Page:A History of the Inquisition of the Middle Ages-Volume I .pdf/250

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wicked to corrupt the faith on which depends the life of the soul than to debase the coinage which provides merely for temporal life; wherefore, if coiners and other malefactors are justly doomed at once to death, much more may heretics be justly slain as soon as they are convicted. Yet in its mercy the Church will always receive the heretic back into its bosom, no matter how often he may have relapsed, and will kindly give him penance whereby he may win eternal life; but charity to one must not be allowed to work evil to others. Therefore for once the heretic who repents and recants will be received and his life be spared; but if he relapses, though he may be received to penance for his soul's salvation, he will not be released from the death-penalty. This is the definite expression of the policy of the Church, which, as we shall see, became its unalterable rule of practice.[1]

Nor was the Church content to exercise its power over the living only; the daed must feel its chastening hand. It seemed intolerable that one who had successfully concealed his iniquity and had died in communion should be left to lie in consecrated ground and should be remembered in the prayers of the faithful. Not only had he escaped the penalty due to his sins, but his property, which was forfeited to Church and State, had unlawfully descended to his heirs, and must be recovered from them. Ample reason therefore existed for the trial of those who had passed to the judgment-seat of God. It had been a debatable question in the earlier Church whether excommunication, with all its tremendous penalties, here and hereafter, could be directed against departed souls. As early as the time of Cyprian the custom of excommunicating the dead had come into fashion; and about 382 St. John Chrysostom had denounced the frequency of such sentences as an interference attempted with the judgment of God. Leo I., in 432, took the same position, and it was confirmed by Gelasius I. and a council of Rome towards the end of the century. At the fifth general council, however, held in Constantinople in 553, the question came up as to the power of the Church to anathemize Theodoret of Cyrus, Ibas of Edessa, and Theodore of Mopsuestia, who had been dead for a hundred years. Many of the fathers of the council doubted it, when Eutychius, a man well versed in Scripture, pointed out that the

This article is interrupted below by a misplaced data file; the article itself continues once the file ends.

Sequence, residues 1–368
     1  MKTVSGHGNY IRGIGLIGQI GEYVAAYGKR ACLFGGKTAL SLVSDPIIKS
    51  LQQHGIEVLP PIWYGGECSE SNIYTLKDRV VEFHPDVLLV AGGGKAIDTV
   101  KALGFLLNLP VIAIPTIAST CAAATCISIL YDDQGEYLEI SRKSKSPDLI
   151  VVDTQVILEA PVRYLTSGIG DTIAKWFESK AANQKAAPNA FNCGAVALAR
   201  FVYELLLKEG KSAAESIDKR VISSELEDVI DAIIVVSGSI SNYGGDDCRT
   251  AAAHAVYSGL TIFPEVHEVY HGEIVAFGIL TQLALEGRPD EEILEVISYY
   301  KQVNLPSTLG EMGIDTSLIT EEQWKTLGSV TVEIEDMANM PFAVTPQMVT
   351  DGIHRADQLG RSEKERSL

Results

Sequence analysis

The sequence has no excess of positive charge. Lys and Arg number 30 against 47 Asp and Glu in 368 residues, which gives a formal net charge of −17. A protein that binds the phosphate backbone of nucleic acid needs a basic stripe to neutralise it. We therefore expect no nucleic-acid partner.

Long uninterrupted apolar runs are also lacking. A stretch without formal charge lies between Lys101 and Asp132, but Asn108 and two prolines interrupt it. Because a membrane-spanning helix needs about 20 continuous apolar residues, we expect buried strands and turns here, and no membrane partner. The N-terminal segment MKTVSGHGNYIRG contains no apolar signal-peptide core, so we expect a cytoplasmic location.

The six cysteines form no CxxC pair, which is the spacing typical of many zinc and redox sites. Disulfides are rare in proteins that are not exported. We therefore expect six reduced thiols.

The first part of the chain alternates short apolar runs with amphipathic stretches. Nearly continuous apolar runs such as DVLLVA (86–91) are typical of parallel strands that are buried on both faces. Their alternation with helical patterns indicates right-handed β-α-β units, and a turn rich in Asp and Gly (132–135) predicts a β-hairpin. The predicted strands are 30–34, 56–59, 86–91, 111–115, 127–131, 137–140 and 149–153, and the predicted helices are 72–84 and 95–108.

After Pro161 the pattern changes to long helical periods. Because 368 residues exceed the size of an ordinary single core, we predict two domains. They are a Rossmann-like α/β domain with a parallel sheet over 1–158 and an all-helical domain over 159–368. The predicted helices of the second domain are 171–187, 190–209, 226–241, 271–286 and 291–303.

1. S. Thom. Aquinat. Summæe Sec. Sec. Q. xi, art. 3, 4